When I first met the man I’ll call Mahmoud, he refused to speak with me because he “hates America.” Carrying a conspicuous wad of U.S. dollar bills and surrounded by young Syrian men, Mahmoud caught my eye one evening in the lobby of my Turkish hotel on the border with Syria. Through a series of talks, I slowly discerned that he was from Saudi Arabia, that he had learned English in Canada, and that he was here to “help the Muslims of Syria in their jihad.”
One evening, 29-year-old Mahmoud explained to me that he ferries money, not guns, to the Syrian people. He said that the Free Syrian Army (FSA) can use the funds for humanitarian purposes or for weapons, but he just gives it to the officers and lets them make the decisions. “I’m just a soldier of Allah,” he told me.
It is precisely this powerful combination of steadfast discipline and bottomless pockets that has many Syrians and their Western allies worried about jihadists like Mahmoud. Though comprising only a tiny minority of Syria’s armed opposition, the foreign fighters bring ample combat expertise and ample funds to the war against Syrian President Bashar al-Assad’s regime—and critics fear that they are slowly gaining a disproportionate influence over the FSA.
“Syrians have both a deep fear and a deep respect for the foreign fighters,” says a Syrian civilian activist from Aleppo who goes by the nom de guerre of Hassan. “We don’t understand them, but we can’t deny their fighting ability, and that’s what we need right now against Assad’s airplanes,” he says, referencing the ongoing aerial bombardment of the city by government forces.
Indeed, one of the fundamentalist jihadi sects affiliated with the FSA, known as Jabhat Al Nusra, has been credited with securing many of the FSA’s recent advancements in the North, notably a key air force base outside Aleppo last week. As the West continues to hesitate on intervention in Syria, fundamentalist forces from the Persian Gulf and beyond have increasingly filled this void. Foreign fighters from the Gulf states, Libya, Afghanistan, Pakistan, Palestine, and Chechnya—and even a handful of jihadis from the West—have assembled in Syria, bringing foreign funds and the sum of fighting experience from their struggles across the globe.
Mahmoud claimed that he joined “the Syrian jihad” of his own volition, as did a few of his Saudi friends, and that the funding came from generous Saudi religious donors, not the official Saudi government.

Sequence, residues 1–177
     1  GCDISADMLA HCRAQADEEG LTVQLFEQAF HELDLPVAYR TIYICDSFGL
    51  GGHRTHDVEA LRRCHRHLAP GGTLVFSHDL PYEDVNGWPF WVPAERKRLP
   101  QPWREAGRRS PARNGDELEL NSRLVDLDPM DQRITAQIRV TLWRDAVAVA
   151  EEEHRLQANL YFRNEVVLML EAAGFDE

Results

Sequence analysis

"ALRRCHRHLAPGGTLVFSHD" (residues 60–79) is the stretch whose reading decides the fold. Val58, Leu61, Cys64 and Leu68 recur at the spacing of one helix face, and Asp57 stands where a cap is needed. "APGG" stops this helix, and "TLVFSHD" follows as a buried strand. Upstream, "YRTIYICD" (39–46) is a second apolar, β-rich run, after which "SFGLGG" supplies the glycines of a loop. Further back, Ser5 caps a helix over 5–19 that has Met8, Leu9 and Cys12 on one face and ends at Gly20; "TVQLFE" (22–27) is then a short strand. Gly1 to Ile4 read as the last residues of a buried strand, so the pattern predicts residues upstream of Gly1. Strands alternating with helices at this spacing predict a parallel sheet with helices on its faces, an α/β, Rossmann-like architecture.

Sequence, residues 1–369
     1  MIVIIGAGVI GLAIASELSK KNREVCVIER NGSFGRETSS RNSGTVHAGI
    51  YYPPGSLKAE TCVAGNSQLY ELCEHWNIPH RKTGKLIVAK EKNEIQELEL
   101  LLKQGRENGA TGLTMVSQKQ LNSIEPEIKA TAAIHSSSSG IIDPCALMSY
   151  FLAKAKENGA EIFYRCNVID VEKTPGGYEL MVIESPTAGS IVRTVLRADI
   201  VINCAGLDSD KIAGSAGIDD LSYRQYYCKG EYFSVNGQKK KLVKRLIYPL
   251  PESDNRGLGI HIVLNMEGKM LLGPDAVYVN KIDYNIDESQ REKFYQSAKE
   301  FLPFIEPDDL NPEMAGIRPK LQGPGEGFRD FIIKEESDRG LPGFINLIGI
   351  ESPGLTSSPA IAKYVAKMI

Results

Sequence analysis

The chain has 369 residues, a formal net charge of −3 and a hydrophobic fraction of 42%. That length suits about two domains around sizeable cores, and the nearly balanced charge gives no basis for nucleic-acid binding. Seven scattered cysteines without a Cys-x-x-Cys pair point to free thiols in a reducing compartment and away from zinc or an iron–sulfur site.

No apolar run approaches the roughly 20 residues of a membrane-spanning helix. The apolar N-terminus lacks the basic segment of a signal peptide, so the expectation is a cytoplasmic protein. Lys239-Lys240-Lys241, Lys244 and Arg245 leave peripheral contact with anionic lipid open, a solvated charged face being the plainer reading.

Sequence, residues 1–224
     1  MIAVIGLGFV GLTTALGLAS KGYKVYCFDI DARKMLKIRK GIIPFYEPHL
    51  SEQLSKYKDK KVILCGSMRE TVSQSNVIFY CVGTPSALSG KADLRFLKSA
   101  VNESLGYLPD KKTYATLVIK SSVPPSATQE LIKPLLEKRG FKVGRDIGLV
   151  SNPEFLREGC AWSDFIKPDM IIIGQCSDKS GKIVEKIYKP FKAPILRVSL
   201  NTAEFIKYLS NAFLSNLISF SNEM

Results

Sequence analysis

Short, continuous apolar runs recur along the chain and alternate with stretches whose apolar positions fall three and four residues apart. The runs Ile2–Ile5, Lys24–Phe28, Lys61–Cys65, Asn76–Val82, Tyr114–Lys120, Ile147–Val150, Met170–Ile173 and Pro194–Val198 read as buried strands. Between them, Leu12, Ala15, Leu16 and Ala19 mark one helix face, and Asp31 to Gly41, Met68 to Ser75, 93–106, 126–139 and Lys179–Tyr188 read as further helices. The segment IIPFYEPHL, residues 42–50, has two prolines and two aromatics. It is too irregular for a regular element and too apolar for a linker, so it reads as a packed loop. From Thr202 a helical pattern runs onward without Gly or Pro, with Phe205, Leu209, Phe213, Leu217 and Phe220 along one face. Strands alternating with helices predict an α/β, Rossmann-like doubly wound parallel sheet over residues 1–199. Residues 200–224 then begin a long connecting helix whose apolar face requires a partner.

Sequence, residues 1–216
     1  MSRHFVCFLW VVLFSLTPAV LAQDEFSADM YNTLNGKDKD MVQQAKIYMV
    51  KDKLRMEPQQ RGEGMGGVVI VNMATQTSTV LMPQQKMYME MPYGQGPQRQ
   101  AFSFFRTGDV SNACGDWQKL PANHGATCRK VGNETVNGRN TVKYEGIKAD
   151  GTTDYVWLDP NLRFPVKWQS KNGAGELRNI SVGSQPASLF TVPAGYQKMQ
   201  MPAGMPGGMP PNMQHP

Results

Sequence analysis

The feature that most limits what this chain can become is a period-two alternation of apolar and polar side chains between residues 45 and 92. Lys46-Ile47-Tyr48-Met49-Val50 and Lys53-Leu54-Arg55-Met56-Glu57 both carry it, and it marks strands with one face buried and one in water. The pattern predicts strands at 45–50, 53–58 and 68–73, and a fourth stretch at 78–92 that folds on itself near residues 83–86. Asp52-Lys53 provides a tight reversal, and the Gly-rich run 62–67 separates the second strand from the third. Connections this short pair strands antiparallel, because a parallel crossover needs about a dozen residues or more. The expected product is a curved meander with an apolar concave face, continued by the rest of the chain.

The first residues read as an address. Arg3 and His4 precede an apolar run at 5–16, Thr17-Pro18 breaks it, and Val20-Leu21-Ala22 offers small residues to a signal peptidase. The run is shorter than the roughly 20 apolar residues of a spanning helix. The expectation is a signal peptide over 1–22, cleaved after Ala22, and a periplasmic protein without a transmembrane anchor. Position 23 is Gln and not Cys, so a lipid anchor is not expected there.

“Our leaders are cowards, they’re just letting that Shia bastard [Assad] kill the Syrian [Sunni] Muslims,” he fumed. “That’s why I’m here, so they know that the people of Saudi are with them, even if our government isn’t.”
Mahmoud’s claims reflect a growing fear that Gulf governments have been communicating to their Western allies in recent weeks: that without a decisive intervention in Syria, the region’s rampant sectarianism could escalate into a popular jihad. In early October, Saudi and Qatari officials noted an increase in young foreign fighters departing for Syria, as well as an increase in private fundraising for the rebels’ cause.
Though both countries have given significant amounts of financial support and even small arms to the Syrian opposition, they are criticized domestically for heeding the West’s demands to refrain from providing more sophisticated weaponry to the rebels. For their part, both Saudi Arabia and Qatar have warned the West of the potential for a widespread Sunni jihad if the civilian carnage in Syria continues unabated and without foreign intervention.
Last week, the International Crisis Group released its report “Tentative Jihad: Syria’s Fundamentalist Opposition,” which analyzed much of the speculation around the issue of fundamentalism in the Syrian armed resistance. The report examined the roots of the fundamentalist emergence within the opposition and concluded that a coordinated, multilateral transition to a political solution is necessary to curb this trend.
“The West’s reluctance to act, coupled with the early willingness of private, wealthy, and religiously conservative Gulf Arabs to provide funds, bolstered both the Salafi’s coffers and their narrative, in which Europe and the U.S. figure as passive accomplices in the regime’s crimes,” says the report.
“Much of the debate has focused on whether to arm the opposition—and, if so, by whom and with what, but that’s not the main issue,” said the ICG’s Middle East and North Africa director, Robert Malley, in the report’s press release. “It is, rather, to rationalize and coordinate support to the opposition and help the emergence of a more structured, representative, and effective interlocutor in what must be a negotiated outcome.”
Hassan, the Syrian civilian activist, nostalgically recalls the early days of the nonviolent protests in Aleppo and his attempts to organize his traditional, but not particularly religious, working-class community to join the civil resistance movement.
“They were skeptical because they saw what Assad did to the peaceful protesters in Homs,” he explained. When the siege of Aleppo began, his neighbors were eventually forced to take up arms against the regime or flee the city.
“When I returned and saw that everyone had weapons, I knew they were from Jabhat al Nusra,” Hassan says. “But what were they supposed to do with Assad dropping barrel bombs into Aleppo? They needed help, and Jabhat Al Nusra was there.”
In the absence of a Western-enforced no-fly zone, Syrians like Hassan fear for what the future of the conflict holds for civilians but insist on the resilience of the Syrian people. “If you look back in history, Syria has always been a country of many races and religions,” Hassan says. “Churches and mosques share walls so I’m keeping my faith in our Syria.”